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Synchronicity Trumps Mischief in Rhythmic Human-Robot Social-Physical Interaction

  • Naomi T. FitterEmail author
  • Katherine J. Kuchenbecker
Conference paper
Part of the Springer Proceedings in Advanced Robotics book series (SPAR, volume 10)

Abstract

Hand-clapping games and other forms of rhythmic social-physical interaction might help foster human-robot teamwork, but the design of such interactions has scarcely been explored. We leveraged our prior work to enable the Rethink Robotics Baxter Research Robot to competently play one-handed tempo-matching hand-clapping games with a human user. To understand how such a robot’s capabilities and behaviors affect user perception, we created four versions of this interaction: the hand clapping could be initiated by either the robot or the human, and the non-initiating partner could be either cooperative, yielding synchronous motion, or mischievously uncooperative. Twenty adults tested two clapping tempos in each of these four interaction modes in a random order, rating every trial on standardized scales. The study results showed that having the robot initiate the interaction gave it a more dominant perceived personality. Despite previous results on the intrigue of misbehaving robots, we found that moving synchronously with the robot almost always made the interaction more enjoyable, less mentally taxing, less physically demanding, and lower effort for users than asynchronous interactions caused by robot or human mischief. Taken together, our results indicate that cooperative rhythmic social-physical interaction has the potential to strengthen human-robot partnerships.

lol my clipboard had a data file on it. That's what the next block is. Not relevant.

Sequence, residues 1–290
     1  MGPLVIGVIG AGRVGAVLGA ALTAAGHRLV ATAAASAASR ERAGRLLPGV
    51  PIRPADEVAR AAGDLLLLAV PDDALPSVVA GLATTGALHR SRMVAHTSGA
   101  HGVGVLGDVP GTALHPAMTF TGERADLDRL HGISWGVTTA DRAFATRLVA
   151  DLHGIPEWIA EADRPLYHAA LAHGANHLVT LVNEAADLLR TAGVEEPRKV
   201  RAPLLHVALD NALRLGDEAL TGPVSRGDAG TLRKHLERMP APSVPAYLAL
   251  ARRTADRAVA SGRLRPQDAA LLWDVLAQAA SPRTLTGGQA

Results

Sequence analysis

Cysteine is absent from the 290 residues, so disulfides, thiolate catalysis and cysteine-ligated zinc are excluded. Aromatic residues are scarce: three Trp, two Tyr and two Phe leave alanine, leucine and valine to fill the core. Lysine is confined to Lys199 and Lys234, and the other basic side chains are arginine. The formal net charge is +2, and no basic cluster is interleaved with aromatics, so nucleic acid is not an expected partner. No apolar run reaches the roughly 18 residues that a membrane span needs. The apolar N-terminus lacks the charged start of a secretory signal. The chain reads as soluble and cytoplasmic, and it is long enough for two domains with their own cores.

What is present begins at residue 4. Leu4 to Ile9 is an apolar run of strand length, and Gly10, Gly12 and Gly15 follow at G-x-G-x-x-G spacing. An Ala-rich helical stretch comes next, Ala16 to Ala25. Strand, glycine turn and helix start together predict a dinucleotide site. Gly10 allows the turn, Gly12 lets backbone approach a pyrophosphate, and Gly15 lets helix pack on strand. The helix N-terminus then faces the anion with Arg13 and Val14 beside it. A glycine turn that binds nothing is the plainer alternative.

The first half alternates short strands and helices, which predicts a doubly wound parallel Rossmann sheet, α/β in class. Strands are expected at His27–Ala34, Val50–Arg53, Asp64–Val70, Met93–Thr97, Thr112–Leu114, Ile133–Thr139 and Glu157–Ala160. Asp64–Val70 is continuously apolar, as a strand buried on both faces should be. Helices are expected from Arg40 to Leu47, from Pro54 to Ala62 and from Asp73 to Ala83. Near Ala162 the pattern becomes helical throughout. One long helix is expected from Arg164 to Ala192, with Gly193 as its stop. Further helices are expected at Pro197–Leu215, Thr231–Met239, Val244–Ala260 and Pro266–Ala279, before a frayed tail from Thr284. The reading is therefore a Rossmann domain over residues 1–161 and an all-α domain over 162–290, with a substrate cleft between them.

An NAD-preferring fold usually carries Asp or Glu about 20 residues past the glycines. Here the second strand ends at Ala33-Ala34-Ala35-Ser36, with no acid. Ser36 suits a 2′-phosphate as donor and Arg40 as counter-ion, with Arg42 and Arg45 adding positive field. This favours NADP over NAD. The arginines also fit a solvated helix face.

Keywords

Social robotics Physical human-robot interaction Social motor coordination Synchronization Mischievous robots 

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Copyright information

© Springer Nature Switzerland AG 2020

Authors and Affiliations

  1. 1.Haptics Group, GRASP Lab, MEAM DepartmentUniversity of PennsylvaniaPhiladelphiaUSA
  2. 2.Haptic Intelligence DepartmentMax Planck Institute for Intelligent SystemsStuttgartGermany
  3. 3.Haptics Group, GRASP Lab, MEAM and CIS DepartmentsUniversity of PennsylvaniaPhiladelphiaUSA

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